Two-Year Patient Registry Results Support Safety And Efficacy Of CYPHER® Sirolimus-Eluting Coronary Stent In "Real World" Uses
New Orleans, LA (March 26, 2007) – A large patient registry of “real world” uses for the CYPHER® Sirolimus-eluting Coronary Stent reported favorable safety and efficacy outcomes at two-year follow-up, according to clinical investigators at the American College of Cardiology’s 56th Annual Scientific Session (ACC.07).
The MATRIX Registry is a prospective, single-arm study designed to evaluate the outcomes of percutaneous coronary intervention (PCI or balloon angioplasty) with the CYPHER® Stent in everyday medical practice out to five years. Sponsored by Cordis Corporation, the registry reports on clinical data from 1,522 consecutive patients in whom the CYPHER® Stent was implanted, including high percentages of complex patient populations that are not currently within the approved labeling, such as patients with diabetes (33.8 percent), or history of heart attack (33.4 percent), balloon angioplasty (44.6 percent) or bypass surgery (21 percent). Overall, 86 percent of the interventions involved a specific patient or lesion characteristic not currently within the approved labeling for the CYPHER® Stent, and would be considered “off-label.”
“The MATRIX Registry provides invaluable information to help physicians assess the long-term safety of the CYPHER® Stent in ’real world’ patient populations,” said Principal Investigator George D. Dangas, M.D., Ph.D., associate professor of Medicine, The Cardiovascular Research Foundation/Columbia University Medical Center, who presented the results.
In spite of the overall patient and lesion complexity, the MATRIX Registry indicated low frequency of adverse events with the CYPHER® Stent throughout the two years of patient follow-up. Applying the Academic Research Consortium (ARC) definition of stent thrombosis, the investigators reported a 0.7 percent rate of definite stent thrombosis and a 1.1 percent rate of definite/probable stent thrombosis. Total mortality and cardiac mortality was 3.3 percent and 1 percent, respectively. In addition, the rate for myocardial infarction (heart attack) was four percent, and the percentage of patients who required a second procedure to reopen the treated artery (target vessel revascularization or TVR) was 10.7 percent. These rates are comparable to the incidences found for the CYPHER® Stent in the randomized clinical trials that led to its regulatory approval in the United States.
“While randomized clinical trials offer the highest level of evidence, registries such as MATRIX play an important role in generating hypotheses and helping to monitor the outcomes of breakthrough therapies like the CYPHER® Stent in current clinical practice,” said David E. Kandzari, M.D., F.A.C.C., F.S.C.A.I., chief medical officer, Cordis Cardiology Division, Cordis Corporation. “The MATRIX Registry adds to the growing body of evidence assessing the CYPHER® Stent, the most studied medical device in history, in complex patient populations.”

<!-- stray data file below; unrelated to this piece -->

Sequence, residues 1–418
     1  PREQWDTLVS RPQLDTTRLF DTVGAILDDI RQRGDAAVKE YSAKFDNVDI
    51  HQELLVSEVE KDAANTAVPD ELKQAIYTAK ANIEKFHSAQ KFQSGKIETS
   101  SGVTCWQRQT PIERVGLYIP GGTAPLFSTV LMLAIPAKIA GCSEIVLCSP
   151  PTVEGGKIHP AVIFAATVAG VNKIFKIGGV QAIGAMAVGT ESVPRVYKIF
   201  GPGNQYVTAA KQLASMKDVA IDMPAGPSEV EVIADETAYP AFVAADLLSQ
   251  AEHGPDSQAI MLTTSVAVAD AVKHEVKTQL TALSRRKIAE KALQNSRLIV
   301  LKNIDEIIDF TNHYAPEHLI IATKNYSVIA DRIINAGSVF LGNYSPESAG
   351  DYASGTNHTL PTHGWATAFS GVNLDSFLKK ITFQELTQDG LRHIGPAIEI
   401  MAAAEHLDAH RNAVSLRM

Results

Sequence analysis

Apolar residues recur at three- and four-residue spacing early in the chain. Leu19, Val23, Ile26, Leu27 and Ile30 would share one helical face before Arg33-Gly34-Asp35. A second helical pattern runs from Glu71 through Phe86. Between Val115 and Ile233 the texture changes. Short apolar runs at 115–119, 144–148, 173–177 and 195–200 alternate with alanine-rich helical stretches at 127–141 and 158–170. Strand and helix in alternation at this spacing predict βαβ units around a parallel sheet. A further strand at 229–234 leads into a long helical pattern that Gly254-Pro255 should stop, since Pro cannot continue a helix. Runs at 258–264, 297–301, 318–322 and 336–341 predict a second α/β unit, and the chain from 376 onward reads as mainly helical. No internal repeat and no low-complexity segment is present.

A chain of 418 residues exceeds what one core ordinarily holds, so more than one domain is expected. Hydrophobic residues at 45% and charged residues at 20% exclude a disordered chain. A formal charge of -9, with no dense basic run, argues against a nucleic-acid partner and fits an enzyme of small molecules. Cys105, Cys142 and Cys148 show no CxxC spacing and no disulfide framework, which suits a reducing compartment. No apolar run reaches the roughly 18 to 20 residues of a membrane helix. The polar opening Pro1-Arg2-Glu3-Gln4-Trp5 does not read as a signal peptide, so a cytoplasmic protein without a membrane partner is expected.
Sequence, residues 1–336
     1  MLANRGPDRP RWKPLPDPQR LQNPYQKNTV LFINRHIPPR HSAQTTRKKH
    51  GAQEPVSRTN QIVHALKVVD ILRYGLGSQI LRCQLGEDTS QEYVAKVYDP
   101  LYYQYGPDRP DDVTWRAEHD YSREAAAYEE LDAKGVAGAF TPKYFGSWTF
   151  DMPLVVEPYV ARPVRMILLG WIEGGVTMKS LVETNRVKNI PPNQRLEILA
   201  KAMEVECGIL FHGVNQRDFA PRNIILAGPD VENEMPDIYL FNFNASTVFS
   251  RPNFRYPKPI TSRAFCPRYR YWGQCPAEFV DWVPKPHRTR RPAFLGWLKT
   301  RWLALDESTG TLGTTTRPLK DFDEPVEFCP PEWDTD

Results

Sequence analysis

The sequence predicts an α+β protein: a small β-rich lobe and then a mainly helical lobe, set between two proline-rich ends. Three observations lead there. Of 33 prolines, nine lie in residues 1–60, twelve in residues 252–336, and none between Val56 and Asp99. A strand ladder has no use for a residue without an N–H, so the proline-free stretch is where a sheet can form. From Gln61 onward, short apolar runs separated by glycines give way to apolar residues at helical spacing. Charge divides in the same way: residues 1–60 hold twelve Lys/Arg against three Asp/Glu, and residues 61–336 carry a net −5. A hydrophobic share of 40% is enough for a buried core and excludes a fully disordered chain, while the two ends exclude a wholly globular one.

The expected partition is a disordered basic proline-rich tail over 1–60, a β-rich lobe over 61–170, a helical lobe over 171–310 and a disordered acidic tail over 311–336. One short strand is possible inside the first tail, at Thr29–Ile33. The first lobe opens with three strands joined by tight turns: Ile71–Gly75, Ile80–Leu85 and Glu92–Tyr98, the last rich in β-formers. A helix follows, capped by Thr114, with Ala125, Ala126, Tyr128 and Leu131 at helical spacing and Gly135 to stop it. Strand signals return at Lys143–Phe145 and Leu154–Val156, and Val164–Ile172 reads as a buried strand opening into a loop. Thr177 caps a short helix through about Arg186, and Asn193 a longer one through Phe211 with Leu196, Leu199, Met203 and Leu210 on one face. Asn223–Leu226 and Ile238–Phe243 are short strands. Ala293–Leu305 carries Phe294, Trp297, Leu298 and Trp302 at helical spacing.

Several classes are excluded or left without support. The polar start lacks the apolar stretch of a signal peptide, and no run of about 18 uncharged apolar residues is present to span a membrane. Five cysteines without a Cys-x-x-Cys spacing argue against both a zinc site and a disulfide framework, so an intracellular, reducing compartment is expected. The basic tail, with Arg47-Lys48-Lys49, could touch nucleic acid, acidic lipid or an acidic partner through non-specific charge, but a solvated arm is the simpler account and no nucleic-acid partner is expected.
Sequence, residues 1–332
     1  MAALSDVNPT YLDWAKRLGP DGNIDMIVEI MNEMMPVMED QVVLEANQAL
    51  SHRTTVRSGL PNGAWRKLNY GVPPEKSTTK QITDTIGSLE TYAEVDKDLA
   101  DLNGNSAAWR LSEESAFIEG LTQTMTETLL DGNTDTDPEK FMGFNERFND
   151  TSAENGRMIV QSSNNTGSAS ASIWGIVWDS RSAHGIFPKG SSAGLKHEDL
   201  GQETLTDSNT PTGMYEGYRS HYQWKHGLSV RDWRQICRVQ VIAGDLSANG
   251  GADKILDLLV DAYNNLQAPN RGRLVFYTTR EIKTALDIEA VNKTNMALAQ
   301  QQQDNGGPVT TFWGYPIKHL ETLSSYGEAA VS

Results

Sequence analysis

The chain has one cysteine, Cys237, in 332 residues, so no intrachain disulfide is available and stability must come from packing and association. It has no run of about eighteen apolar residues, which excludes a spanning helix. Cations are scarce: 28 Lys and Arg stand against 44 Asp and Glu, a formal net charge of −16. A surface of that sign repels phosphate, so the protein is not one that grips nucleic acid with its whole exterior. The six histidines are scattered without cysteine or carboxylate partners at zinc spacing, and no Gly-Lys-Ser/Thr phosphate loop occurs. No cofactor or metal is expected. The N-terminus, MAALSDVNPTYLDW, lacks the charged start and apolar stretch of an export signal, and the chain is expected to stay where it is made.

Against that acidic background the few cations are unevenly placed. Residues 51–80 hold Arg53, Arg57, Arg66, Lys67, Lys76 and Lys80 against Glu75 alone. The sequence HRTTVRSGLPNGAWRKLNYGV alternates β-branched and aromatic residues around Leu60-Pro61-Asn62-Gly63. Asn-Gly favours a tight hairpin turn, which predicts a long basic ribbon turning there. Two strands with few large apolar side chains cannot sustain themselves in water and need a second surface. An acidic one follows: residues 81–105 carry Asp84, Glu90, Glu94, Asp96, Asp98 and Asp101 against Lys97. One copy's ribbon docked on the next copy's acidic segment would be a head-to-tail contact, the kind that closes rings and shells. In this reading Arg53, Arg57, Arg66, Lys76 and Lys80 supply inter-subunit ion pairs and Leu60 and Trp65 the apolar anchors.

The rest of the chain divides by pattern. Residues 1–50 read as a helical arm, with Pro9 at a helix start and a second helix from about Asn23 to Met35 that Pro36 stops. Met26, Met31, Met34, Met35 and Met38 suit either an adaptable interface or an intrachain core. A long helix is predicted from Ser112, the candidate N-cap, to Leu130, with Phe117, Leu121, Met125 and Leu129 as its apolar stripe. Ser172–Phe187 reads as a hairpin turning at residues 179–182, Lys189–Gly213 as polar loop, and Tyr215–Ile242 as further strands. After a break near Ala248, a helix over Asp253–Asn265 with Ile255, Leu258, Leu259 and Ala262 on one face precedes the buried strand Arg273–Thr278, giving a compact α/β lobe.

The MATRIX Registry also showed no stent thrombosis or mortality differences between the off-label complex patient subgroups and the patient subgroups indicated to receive the CYPHER® Stent in the United States. In the off-label patient subgroup, the MATRIX Registry investigators reported a definite/probable stent thrombosis incidence of 1.1 percent, which was not statistically different from the 0.5 percent rate found in on-label patients (p=0.649). Likewise, the mortality rate for the off-label patients was 3.4 percent, which was not statistically different from the 2.7 percent rate in the on-label subgroup (p=0.519).
Dr. Dangas noted that the MATRIX Registry also found significantly higher rates of myocardial infarction or target vessel revascularization (TVR) in the complex patient subgroup compared to the rates seen in the on-label patient population. The myorcardial infarction rate for on-label patients was 0.9 percent versus 4.4 percent in the off-label patient arm (p=0.048). The TVR rate for on-label patients was 4.5 percent versus 11.6 percent in the off-label patient arm (p=0.040). “These findings are consistent with the overall clinical evidence, which shows complex patients to have higher event rates based on their complexity,” he said.
The MATRIX Registry also tracked patient outcomes with dual anti-platelet therapy. According to the results, 75 percent of the patients included in the registry adhered to a prescribed dual antiplatelet therapy out to one year. However, such compliance did not result in significant differences in the rates of mortality, heart attack or stent thrombosis after one year compared to the outcomes of patients who stopped dual anti-platelet therapy before one year.
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